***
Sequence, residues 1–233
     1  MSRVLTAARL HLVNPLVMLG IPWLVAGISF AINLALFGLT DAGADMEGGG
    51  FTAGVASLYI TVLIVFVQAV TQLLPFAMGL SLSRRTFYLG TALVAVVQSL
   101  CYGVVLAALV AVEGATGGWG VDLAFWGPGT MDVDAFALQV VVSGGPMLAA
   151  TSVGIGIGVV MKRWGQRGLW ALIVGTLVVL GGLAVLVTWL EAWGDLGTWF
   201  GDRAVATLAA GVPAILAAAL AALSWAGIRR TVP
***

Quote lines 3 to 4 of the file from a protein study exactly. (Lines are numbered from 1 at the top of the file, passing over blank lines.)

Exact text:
    51  FTAGVASLYI TVLIVFVQAV TQLLPFAMGL SLSRRTFYLG TALVAVVQSL
   101  CYGVVLAALV AVEGATGGWG VDLAFWGPGT MDVDAFALQV VVSGGPMLAA